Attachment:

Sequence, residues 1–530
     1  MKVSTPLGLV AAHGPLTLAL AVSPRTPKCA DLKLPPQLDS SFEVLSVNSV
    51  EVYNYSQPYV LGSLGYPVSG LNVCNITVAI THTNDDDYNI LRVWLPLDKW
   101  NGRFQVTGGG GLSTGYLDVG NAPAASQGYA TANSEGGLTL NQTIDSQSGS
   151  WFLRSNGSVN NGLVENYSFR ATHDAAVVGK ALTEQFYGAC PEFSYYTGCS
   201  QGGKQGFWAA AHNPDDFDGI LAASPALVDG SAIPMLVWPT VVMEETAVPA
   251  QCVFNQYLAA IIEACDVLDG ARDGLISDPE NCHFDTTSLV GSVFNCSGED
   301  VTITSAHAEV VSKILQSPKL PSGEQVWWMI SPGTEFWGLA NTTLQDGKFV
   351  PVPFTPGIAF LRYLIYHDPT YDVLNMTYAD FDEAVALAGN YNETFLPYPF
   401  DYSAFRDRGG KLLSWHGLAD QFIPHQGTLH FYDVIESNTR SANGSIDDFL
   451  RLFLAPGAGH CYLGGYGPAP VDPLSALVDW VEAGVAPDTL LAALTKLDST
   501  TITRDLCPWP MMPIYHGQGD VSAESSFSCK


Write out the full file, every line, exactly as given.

Sequence, residues 1–530
     1  MKVSTPLGLV AAHGPLTLAL AVSPRTPKCA DLKLPPQLDS SFEVLSVNSV
    51  EVYNYSQPYV LGSLGYPVSG LNVCNITVAI THTNDDDYNI LRVWLPLDKW
   101  NGRFQVTGGG GLSTGYLDVG NAPAASQGYA TANSEGGLTL NQTIDSQSGS
   151  WFLRSNGSVN NGLVENYSFR ATHDAAVVGK ALTEQFYGAC PEFSYYTGCS
   201  QGGKQGFWAA AHNPDDFDGI LAASPALVDG SAIPMLVWPT VVMEETAVPA
   251  QCVFNQYLAA IIEACDVLDG ARDGLISDPE NCHFDTTSLV GSVFNCSGED
   301  VTITSAHAEV VSKILQSPKL PSGEQVWWMI SPGTEFWGLA NTTLQDGKFV
   351  PVPFTPGIAF LRYLIYHDPT YDVLNMTYAD FDEAVALAGN YNETFLPYPF
   401  DYSAFRDRGG KLLSWHGLAD QFIPHQGTLH FYDVIESNTR SANGSIDDFL
   451  RLFLAPGAGH CYLGGYGPAP VDPLSALVDW VEAGVAPDTL LAALTKLDST
   501  TITRDLCPWP MMPIYHGQGD VSAESSFSCK